Siegfried Kracauer’s American Writings: Essays on Film and Popular Culture
Edited by Johannes von Moltke and Kristy Rawson
University of California Press, 304 pages, $29.95
“It’s terrible to arrive like us — after eight years of an existence that doesn’t deserve the name. I have grown older… Now comes the final station, which I can’t squander or else it’s all over.” Siegfried Kracauer wrote these words to a friend in the spring of 1941, and as it turns out, his bleak talk of arrival was prompted by a last-chance departure. The “final station” was New York, which Kracauer and his wife sailed to from Lisbon, aboard a ship that had a capacity of 451 but on that crossing carried 816 passengers.
At 52, Kracauer was more than decade older than the friend and fellow German-Jewish émigré to whom his remarks were addressed, Theodor Adorno. But the problem wasn’t simply his age. Kracauer lacked Adorno’s institutional ties, a situation due to the nature of his intellectual profile. It was, and would be, hard to say what exactly Kracauer’s métier was. Toward the end of his life, after he had won a measure of notoriety in the U.S. for two books on film, “From Caligari to Hitler” (1947) and “Theory of Film” (1960), Kracauer himself insisted that he shouldn’t be seen only as a “film man.” He should be viewed “as a philosopher of culture, or also a sociologist, and as a poet,” too.
In Weimar Germany, Kracauer could hardly have been better situated. As an editor of the culture section of the Frankfurter Zeitung, a prestigious newspaper that didn’t shy away from publishing avant-garde commentary, Kracauer was able to give free rein to his proclivity for operating on the borderland between philosophical and sociological analysis and literary essayism. The result was a remarkable body of work in which Kracauer evocatively reports on and rigorously philosophizes about a host of cultural phenomena — detective novels, dancing girls, architecture, photography, and, of course, film.
In some ways, Kracauer’s newly collected “American writings” pick up where his Weimar ones had left off. Take his first piece for an American publication, a short review of Walt Disney’s “Dumbo” that appeared in The Nation, in 1941, and develops a critique Disney’s “methods of representation.” Kracauer objects to how Disney “animates the world of fairy tales into conventional everyday life.” But Kracauer also — and this is typical of him — looks for the progressive possibility in Disney’s genre of mass entertainment. He wishes that “like Chaplain,” Disney had “made everyday life into fairy tales through his cartoons,” thereby transforming “both real and imaginary objects.”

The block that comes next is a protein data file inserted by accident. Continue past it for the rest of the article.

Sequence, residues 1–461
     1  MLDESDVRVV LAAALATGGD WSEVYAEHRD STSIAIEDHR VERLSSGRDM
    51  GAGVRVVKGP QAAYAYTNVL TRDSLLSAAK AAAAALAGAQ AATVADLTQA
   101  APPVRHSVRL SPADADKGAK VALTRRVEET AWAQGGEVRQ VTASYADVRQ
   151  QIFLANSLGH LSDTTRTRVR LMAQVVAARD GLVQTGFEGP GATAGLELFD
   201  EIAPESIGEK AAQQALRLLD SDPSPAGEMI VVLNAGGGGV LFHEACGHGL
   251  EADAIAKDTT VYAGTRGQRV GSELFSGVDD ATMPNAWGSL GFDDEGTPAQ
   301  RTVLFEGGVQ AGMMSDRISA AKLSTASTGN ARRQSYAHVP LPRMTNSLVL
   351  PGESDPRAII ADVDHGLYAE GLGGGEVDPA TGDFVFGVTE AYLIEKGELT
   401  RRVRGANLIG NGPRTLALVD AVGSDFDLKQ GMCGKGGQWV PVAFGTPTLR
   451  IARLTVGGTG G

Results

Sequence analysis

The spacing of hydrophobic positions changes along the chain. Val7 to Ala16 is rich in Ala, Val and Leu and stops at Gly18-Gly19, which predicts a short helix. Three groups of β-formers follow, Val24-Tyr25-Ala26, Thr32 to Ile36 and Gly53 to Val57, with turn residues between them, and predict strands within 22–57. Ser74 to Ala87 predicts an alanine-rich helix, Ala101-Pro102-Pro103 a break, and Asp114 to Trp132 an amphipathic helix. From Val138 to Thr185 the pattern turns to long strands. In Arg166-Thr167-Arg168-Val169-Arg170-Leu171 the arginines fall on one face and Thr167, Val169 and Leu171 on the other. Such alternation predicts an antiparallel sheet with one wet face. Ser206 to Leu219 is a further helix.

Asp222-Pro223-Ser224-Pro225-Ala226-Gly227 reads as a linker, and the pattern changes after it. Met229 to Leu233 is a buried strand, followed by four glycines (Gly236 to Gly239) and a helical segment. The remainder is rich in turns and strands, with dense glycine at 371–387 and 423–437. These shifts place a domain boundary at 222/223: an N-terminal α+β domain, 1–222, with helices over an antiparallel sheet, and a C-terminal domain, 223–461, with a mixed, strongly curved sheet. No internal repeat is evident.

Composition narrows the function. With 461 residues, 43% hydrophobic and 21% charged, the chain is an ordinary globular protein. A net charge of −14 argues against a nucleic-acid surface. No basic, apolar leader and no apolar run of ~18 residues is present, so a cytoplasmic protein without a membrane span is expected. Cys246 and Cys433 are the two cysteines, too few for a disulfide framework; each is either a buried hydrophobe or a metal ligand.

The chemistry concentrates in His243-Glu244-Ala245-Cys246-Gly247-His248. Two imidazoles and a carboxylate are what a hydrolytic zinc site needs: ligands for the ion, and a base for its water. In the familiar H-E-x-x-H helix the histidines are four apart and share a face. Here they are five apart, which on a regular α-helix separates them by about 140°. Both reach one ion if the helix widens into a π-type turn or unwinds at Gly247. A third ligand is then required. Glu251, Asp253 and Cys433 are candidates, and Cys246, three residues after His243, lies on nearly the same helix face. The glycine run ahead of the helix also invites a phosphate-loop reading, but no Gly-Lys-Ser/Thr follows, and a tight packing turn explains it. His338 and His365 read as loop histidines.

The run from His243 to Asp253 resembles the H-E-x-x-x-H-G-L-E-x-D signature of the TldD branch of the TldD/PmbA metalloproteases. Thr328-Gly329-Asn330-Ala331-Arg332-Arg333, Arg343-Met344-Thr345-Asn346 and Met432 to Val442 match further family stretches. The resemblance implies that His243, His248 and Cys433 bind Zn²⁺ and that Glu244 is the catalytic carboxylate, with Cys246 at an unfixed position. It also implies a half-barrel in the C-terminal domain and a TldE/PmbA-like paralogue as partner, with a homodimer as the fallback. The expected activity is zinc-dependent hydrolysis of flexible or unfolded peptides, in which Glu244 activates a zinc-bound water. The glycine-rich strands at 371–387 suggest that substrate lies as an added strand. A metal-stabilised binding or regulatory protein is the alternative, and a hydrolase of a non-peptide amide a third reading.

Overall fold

As Kracauer further established himself in the U.S., placing his work in publications like Harper’s, Commentary, Partisan Review, The New Republic, and The New York Times, and eventually gaining an institutional foothold at Columbia University, he began to position himself as something of a cultural insider. One essay speaks of American films as “our films”; another of the American way of life as “our way of life.”
But Kracauer also registered his sense of dislocation. The essays anthologized in “Siegfried Kracauer’s American Writings” are worth reading not only because of the intelligence and wit the author brings to such topics as Hollywood “terror films,” as he called them, and the Jews’ attenuating attachment to rationality (according to him, Jews now “spread enlightenment with a flashlight”). There is, as well, a poignancy to many of these works that his Weimar corpus, for all its brilliance and boldness, lacks.
Even before Kracauer fled Germany, he thought of himself as being never quite at home. This wasn’t a rare sentiment among the German-Jewish intellectuals who were, like Kracauer, neither Zionist nor comfortable with assimilationism, though Kracauer may have felt it more acutely than most. He had a severe speech defect, and his appearance struck many as being hard to place — not German, not Jewish, not anything. His friend Adorno once described Kracauer’s looks as being “extraterritorial.”
Still, it was in America that Kracauer again and again gave expression to the sensation of being in-between, a stranger to America yet now a stranger also to his Old World perspective. He was especially interested in the melancholy paradoxes that attended this predicament. “As soon the European acquires an opinion of American reality,” he muses in one of the American essays, “he loses the possibility of using it to confirm or reject his old impressions.”